Stupid? No. Unfamiliar? Yes. The meaning of low mean IQs in developing nations

Illiterate people’s thinking probably remains grounded in their everyday experience. When these people take a test that solely measures abstract thinking, they perform poorly. This does not make them stupid. Instead, it shows the disconnect between their natural mode of thought and the unfamiliar test content.

Notes on videos of Arthur Jensen defending his work

The most important name in intelligence research in the second half of the 20th century is educational psychologist Arthur Jensen (1923-2012). From the late 1960s until his death, Jensen was the world’s foremost intelligence researcher who singlehandedly made methodological and scientific breakthroughs that greatly advanced intelligence research. I never got to meet Arthur Jensen, but

The lost intelligence tests

Last year, I co-authored an article with my student where we identified the first known publication of the subtests that appear on the Stanford-Binet 5, the WPPSI-IV, WISC-V, and WAIS-IV (Gibbons & Warne, 2019). Much to our suprise, we found that the majority of subtest formats on these popular intelligence tests were created by 1908.

Terman’s non-geniuses: Shockley and Alvarez

Over the years, I’ve become a scholar of Lewis Terman’s Genetic Studies of Genius, which was a study that followed the lives of 1,528 high-IQ children from 1921 to 1999. It’s a landmark study in the history of psychology and was groundbreaking in the fields of methodology, gifted education, intelligence research, and developmental psychology (Warne,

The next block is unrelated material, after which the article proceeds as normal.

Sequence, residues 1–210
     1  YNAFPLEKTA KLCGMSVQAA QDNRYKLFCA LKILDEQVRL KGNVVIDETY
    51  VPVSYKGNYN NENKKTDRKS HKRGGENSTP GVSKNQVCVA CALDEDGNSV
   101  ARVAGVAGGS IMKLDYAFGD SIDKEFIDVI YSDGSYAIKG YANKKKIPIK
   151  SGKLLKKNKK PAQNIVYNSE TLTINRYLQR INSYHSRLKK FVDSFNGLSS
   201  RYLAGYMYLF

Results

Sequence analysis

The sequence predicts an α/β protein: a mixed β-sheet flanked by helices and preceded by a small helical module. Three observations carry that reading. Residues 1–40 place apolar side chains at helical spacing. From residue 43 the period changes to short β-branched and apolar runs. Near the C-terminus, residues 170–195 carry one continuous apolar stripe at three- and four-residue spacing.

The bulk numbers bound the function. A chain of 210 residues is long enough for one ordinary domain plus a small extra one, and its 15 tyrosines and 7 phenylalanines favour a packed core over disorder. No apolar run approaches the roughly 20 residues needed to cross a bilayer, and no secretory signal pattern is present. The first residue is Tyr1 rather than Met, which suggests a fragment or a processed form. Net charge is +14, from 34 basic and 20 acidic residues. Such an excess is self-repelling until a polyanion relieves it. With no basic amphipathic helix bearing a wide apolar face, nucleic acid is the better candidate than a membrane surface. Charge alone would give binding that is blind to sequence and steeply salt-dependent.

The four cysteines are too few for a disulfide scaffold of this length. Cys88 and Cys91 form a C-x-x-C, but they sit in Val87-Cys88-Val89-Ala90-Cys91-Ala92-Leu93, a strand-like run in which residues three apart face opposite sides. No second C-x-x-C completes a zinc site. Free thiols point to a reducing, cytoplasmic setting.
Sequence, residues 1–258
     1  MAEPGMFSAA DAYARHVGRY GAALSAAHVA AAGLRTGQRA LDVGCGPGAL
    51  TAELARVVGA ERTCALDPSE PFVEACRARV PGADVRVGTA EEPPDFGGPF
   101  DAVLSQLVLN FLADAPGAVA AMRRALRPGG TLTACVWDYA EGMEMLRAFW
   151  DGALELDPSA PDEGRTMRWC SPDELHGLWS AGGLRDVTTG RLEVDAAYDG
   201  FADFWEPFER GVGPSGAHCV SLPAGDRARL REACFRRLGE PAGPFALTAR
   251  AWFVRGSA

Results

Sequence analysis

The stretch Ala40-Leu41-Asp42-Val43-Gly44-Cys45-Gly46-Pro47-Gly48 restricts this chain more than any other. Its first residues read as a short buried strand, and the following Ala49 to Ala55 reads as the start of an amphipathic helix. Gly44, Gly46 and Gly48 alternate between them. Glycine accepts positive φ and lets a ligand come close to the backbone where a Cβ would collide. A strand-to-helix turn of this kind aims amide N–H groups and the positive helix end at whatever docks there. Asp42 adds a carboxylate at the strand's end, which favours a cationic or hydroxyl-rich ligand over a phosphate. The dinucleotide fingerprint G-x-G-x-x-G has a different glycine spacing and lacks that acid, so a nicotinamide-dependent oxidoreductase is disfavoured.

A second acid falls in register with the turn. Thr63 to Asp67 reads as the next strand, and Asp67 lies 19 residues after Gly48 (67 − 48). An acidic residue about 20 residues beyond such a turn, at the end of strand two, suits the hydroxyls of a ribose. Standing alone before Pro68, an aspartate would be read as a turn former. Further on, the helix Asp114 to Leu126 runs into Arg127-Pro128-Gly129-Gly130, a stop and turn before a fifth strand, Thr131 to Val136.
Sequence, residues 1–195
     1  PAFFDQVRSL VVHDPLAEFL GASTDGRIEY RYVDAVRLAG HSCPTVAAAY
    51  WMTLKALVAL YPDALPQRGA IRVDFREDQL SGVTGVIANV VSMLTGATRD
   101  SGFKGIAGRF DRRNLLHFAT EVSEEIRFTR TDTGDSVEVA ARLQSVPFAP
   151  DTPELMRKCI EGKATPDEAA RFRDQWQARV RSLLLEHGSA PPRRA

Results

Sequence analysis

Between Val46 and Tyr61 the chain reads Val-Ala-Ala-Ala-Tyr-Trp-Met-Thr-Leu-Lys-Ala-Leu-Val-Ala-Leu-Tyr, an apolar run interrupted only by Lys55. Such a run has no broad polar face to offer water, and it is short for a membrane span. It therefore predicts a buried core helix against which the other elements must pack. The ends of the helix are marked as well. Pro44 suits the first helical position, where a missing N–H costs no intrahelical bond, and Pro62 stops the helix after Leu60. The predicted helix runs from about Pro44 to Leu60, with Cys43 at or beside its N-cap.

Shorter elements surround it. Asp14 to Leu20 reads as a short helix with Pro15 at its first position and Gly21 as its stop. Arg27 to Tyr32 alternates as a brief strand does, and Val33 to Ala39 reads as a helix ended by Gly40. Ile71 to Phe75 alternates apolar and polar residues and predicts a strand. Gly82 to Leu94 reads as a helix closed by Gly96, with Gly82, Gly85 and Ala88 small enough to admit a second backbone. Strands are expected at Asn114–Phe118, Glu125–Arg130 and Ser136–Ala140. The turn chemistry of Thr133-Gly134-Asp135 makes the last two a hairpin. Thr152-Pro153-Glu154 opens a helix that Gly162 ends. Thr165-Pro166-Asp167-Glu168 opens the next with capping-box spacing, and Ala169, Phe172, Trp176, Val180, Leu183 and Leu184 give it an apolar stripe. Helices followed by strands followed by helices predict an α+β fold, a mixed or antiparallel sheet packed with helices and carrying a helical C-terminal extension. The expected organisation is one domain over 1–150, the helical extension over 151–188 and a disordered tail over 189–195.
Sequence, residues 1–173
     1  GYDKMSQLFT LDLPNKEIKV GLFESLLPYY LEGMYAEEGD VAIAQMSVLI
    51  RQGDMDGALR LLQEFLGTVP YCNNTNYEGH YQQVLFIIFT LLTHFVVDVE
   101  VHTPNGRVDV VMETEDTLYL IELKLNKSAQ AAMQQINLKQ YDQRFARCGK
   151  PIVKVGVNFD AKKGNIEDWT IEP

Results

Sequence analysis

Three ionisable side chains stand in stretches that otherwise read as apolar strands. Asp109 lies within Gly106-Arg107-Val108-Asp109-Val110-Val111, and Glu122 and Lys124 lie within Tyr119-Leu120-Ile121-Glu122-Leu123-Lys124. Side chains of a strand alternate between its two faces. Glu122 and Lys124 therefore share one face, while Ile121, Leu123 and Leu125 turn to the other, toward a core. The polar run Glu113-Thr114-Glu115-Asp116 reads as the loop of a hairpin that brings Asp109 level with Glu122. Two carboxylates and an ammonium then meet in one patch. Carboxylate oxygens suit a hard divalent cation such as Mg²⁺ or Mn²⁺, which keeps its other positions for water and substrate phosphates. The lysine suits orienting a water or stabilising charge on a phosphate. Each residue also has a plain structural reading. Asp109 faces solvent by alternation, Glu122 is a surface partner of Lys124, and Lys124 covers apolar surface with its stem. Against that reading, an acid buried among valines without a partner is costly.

Comparing the 1975 and 1996 APA statements on intelligence

One of the most highly cited articles in intelligence research is a 1996 report commissioned by the American Psychological Association’s Board of Scientific Affairs to provide an authoritative statement on the science of intelligence (Neisser et al., 1996). What many people do not know, though, is that this was not the first time APA’s Board

Thoughts on low national IQs, intellectual disability, and data quality

[February 2023 update: I recently published an article analyzing national IQs. The article incorporates some of the ideas in this blog post.] A recent now-retracted paper in Psychological Science by Clark et al. (2020) caused some controversy lately in the psychological community. The authors found some correlations with other national-level data that could be theoretically